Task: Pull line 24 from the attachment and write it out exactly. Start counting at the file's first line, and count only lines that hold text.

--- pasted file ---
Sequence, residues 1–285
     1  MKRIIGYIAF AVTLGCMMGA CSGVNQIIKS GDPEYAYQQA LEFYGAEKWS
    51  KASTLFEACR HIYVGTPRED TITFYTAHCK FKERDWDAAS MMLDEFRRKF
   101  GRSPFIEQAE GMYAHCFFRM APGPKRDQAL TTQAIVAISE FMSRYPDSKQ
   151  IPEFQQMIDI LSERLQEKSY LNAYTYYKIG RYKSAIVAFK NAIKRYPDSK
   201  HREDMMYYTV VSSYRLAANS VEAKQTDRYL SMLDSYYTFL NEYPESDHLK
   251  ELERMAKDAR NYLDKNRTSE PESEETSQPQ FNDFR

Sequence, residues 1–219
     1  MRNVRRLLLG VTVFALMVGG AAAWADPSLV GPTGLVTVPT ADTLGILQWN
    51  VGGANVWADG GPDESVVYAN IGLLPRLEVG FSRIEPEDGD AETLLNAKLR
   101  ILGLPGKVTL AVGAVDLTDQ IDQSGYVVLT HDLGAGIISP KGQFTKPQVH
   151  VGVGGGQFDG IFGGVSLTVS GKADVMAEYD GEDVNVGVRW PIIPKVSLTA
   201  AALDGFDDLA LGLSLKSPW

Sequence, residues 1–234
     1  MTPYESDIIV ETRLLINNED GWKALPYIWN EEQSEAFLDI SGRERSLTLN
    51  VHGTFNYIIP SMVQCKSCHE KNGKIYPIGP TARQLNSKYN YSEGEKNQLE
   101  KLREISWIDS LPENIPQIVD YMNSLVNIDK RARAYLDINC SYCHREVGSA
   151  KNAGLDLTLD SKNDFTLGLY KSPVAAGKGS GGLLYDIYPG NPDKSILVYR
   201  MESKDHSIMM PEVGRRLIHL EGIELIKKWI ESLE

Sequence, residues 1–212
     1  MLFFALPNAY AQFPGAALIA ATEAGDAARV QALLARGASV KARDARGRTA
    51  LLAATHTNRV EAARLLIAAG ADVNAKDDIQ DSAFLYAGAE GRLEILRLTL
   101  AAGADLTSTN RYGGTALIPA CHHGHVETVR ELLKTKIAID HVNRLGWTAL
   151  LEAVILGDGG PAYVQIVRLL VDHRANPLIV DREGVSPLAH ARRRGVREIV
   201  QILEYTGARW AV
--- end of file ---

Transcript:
   151  LEAVILGDGG PAYVQIVRLL VDHRANPLIV DREGVSPLAH ARRRGVREIV